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Bryon Root on Visual Studio ALM

At a recent engagement I was asked about using Lab Manager 2012 for testing. I was happy to explain how and why Lab Manager can increase efficiency and quality for their development and testing practices.  Lab Manager fits very nicely with DevOps practices, by automating the creation of new test environments which often is done manually by the Operations team.  This can reduce the wall between Development and QA teams, since QA teams can self-provision new test environments that include the code versions they want to test. 

We have all experience the invisible wall between Development/QA and Operations.  You know the Ops team… They’re the guys that always say no and are paranoid over making even small changes.  True be told, they have a good reason to be paranoid.  Every bug, configuration changes, new updates, and non-tested software gives them that reason to be. The fact is, they’re going to be the ones first getting the midnight call when the software fails. 

What I hear from the software teams over the years is we need to have fast, reliable, known production versions that we can control and have full automated deployments.  This is a lot to ask for. 

Virtualization has been around for a while, and we all have setup the virtual environment and created script to support software team’s requests. It’s a lot of work getting that end-to-end solution that supports building a clean, known good environment from the ground up, deploying the right version of the software, and even running the available automated tests.  This is where Lab Manager, TFS 2012, Team Build/Deployment, Test Manager and Visual Studio all come together to create a clean end-to-end solution.

Having a quick reliable environment that mimics a known production version is a huge value at the organization level.  We have all seen where a development or testing environments are so polluted with unrecorded configuration changes that testing is not effective or can’t be done at all.  I’ve personally seen an instance where over 30% of the tester-logged bugs ended up simply being misconfigurations in the test environment.  The dev team wasted a lot of time trying to reproduce bugs that weren’t really even bugs!

This one other reason why Operation teams are paranoid.  They see that the environment the software team is testing on is 8 versions ago and the system configuration does not match what in production.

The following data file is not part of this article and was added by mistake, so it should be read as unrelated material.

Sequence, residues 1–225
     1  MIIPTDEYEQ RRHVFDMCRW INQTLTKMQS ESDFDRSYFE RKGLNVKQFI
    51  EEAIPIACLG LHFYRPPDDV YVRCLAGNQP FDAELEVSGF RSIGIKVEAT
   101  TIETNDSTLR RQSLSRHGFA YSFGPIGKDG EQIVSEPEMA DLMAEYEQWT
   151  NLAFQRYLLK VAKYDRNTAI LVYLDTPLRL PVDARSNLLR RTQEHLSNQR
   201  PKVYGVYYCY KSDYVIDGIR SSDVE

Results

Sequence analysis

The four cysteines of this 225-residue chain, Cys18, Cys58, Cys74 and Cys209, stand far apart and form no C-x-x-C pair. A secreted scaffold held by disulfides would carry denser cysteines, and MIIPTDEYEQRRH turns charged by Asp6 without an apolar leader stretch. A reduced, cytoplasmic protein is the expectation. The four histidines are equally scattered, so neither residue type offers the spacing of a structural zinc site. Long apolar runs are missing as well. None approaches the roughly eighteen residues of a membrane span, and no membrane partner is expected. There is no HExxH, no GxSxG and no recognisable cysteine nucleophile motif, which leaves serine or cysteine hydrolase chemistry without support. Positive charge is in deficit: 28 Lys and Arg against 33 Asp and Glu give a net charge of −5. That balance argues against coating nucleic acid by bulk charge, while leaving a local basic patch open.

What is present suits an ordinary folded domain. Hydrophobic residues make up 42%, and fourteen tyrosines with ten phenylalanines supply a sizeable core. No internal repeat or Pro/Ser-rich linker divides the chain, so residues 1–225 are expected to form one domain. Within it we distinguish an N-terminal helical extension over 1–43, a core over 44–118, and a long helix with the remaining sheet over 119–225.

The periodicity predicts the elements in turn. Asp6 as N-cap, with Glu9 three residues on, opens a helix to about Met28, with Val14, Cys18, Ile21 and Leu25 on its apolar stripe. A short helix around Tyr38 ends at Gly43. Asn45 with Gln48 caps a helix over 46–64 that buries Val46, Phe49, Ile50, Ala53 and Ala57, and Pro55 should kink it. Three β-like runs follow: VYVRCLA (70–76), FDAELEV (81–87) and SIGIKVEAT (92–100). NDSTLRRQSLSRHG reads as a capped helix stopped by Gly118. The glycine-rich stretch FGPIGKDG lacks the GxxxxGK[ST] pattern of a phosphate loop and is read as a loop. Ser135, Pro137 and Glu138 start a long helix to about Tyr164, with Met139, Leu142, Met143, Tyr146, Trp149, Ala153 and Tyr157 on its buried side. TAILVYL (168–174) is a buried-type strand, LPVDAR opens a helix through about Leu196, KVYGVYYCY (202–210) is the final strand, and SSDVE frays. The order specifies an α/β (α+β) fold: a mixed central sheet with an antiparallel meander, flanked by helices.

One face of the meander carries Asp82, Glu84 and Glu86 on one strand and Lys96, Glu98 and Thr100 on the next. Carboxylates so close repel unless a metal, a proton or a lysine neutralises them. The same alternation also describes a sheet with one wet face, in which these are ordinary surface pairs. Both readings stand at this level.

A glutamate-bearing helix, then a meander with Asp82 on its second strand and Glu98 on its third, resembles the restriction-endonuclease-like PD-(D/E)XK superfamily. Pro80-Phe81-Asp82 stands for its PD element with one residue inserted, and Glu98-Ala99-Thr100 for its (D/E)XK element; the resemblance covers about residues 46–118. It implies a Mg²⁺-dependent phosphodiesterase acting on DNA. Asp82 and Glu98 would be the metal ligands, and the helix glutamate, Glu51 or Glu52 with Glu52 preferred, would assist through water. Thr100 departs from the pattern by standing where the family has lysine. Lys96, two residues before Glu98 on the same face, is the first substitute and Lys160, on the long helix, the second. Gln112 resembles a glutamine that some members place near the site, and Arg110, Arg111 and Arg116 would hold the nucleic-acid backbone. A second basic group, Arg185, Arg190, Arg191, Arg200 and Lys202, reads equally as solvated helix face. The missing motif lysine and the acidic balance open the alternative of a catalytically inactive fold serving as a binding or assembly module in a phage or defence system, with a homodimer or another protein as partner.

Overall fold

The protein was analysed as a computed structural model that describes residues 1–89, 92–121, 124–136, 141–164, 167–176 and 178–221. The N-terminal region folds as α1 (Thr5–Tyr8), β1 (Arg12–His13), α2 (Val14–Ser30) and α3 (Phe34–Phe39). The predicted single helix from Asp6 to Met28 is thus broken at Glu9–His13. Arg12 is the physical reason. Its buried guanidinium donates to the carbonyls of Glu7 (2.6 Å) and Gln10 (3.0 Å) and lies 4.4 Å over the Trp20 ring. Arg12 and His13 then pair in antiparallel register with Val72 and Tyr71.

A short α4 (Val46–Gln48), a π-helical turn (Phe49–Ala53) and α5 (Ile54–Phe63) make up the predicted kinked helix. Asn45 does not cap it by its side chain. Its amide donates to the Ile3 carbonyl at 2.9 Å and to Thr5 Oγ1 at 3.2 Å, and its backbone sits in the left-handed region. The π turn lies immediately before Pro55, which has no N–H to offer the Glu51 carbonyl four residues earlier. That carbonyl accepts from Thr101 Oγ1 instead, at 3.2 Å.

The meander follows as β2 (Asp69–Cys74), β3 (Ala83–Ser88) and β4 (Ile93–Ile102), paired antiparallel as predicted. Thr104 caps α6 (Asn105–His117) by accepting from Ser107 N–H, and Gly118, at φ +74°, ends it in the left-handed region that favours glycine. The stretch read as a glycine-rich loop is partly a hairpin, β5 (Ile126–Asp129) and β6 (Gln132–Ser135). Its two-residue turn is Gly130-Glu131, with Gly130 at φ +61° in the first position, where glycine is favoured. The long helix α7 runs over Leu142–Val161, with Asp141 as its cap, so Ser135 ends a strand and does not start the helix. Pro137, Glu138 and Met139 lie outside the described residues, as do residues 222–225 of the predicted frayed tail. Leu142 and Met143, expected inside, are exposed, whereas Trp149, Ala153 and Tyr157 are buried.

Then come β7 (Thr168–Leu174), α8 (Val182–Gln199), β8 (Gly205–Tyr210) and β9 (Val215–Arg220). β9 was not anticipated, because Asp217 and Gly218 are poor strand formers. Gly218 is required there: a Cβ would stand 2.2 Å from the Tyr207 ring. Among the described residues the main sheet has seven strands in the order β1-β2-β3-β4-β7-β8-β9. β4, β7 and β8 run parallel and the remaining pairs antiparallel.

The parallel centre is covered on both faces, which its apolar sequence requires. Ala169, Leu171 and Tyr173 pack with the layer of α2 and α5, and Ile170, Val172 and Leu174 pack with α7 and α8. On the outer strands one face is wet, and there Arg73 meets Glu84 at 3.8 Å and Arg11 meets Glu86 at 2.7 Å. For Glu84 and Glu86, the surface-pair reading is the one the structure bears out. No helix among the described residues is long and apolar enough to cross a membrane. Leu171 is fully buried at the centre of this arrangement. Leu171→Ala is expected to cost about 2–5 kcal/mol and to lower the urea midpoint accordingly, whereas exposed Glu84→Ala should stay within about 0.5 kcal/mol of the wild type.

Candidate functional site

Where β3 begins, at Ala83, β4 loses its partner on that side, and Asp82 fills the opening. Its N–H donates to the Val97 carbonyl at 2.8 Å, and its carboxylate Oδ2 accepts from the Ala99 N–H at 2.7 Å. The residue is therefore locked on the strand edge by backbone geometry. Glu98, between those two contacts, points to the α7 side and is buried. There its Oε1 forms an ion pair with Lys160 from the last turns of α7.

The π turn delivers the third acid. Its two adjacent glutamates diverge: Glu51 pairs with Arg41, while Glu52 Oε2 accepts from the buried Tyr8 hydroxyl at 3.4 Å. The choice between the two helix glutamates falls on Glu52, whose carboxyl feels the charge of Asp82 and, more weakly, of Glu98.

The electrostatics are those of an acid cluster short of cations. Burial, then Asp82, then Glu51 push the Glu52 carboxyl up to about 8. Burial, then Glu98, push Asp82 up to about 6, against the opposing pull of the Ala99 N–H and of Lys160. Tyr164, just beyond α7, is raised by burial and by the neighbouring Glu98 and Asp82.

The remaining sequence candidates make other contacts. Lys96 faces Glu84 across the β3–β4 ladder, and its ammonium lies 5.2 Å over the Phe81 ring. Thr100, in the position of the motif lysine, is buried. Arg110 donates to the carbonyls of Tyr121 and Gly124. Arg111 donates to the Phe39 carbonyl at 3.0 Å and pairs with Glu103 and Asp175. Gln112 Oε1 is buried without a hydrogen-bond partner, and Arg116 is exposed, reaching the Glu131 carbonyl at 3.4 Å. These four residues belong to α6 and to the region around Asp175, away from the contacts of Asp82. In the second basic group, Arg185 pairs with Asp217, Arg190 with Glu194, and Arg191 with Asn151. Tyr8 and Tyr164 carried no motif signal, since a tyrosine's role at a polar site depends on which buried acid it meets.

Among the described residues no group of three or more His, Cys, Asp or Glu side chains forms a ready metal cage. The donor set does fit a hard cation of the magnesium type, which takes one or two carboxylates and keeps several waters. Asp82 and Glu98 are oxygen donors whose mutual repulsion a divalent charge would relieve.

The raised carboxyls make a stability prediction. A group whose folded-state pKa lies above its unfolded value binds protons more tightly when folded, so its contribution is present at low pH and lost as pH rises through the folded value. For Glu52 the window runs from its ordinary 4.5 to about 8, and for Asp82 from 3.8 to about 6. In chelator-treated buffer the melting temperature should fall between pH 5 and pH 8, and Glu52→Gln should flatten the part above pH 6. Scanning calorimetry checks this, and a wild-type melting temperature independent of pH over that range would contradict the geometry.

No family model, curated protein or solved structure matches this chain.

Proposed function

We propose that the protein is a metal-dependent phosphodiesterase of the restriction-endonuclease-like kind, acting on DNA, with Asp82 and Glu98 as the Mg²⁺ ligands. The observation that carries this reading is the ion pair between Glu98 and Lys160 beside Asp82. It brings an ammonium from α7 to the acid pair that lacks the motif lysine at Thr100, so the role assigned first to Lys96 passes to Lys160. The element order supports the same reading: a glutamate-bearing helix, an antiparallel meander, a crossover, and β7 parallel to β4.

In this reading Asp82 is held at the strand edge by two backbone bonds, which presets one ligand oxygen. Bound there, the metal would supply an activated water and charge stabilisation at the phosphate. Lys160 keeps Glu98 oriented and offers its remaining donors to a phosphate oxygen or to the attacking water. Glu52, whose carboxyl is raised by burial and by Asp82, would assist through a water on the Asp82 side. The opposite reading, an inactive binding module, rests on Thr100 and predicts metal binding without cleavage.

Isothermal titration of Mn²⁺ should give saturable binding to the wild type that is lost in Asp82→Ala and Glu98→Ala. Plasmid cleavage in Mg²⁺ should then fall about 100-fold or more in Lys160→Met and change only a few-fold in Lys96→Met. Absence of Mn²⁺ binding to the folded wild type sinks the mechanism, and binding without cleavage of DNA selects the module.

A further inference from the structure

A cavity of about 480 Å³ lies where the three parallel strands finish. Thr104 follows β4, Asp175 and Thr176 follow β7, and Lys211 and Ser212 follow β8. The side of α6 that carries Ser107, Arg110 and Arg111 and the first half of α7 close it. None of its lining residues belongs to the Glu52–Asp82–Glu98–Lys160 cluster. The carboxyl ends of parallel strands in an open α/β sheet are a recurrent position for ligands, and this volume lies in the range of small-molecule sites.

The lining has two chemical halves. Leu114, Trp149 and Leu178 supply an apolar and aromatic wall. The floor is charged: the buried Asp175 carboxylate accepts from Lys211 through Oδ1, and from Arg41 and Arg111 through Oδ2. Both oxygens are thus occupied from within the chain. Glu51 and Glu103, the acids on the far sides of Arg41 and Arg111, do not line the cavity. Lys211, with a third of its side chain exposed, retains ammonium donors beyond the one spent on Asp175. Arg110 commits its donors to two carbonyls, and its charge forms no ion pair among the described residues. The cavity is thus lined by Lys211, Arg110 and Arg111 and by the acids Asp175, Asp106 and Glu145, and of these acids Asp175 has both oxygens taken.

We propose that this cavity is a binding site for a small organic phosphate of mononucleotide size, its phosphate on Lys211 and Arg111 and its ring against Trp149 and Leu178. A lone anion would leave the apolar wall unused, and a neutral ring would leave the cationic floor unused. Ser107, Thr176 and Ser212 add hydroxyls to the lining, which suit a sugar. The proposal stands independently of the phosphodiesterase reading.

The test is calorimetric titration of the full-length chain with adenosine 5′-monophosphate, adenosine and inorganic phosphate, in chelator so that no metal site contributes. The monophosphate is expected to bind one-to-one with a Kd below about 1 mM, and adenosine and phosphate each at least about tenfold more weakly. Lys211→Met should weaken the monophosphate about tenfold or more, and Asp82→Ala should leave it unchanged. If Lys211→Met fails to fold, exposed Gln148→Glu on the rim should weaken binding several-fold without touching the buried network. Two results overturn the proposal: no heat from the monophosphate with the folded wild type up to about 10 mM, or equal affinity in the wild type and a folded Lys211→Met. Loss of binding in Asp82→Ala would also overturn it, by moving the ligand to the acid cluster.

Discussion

“Hey it works on their environment and it’s ready for production!”

Now I might be exaggerating just a little here, but I know I’m not to far off of the truth for some organizations. 

You can reduce the paranoia and gain confidence within the Operation team by having a baseline template of a known good, production-like environment that spins up each time a build–deployment–testing is ran.  The Operation team provides the baseline templates, while Lab Manager, TFS 2012 and Test Manager handle the automation. 

The result is the Operation does not have to worry about the polluted environment that the software teams are testing on and the software team gets that full automation solution. Now the focus of bugs can on be on the build, deployment, and testing and not the environments and what was or was not installed or changed. To me that’s a win-win for all the teams – development, testing and operations!

There is some planning involved in rollout Lab Manager.  The best guide I have found is the ALM Ranger guide for Lab Manger. This can be found here.

The guide has planning workbook and Hands-on labs are valuable in understanding the scale of depth of Lab Manager.  There are many moving parts that involve multiple teams. Planning is a must.

Is the effort of incorporating Lab Manager, TFS 2012 and Test Manager worth it?

I guess the real question is, what is the cost and impact of not having a fully automated build – deploy – test solution that gives you a known production baseline version in your software development cycle?   For most teams, there’s a massive amount of manual labor and wasteful activity that is, for the most part, hidden from sight.  But it’s not just the waste you can trim out, but the impact of having a much, much faster Dev/Test cycle time. 

Plus, you might even get the Operation team to be a little less paranoid and you might even hear a “Yes” to your requests.

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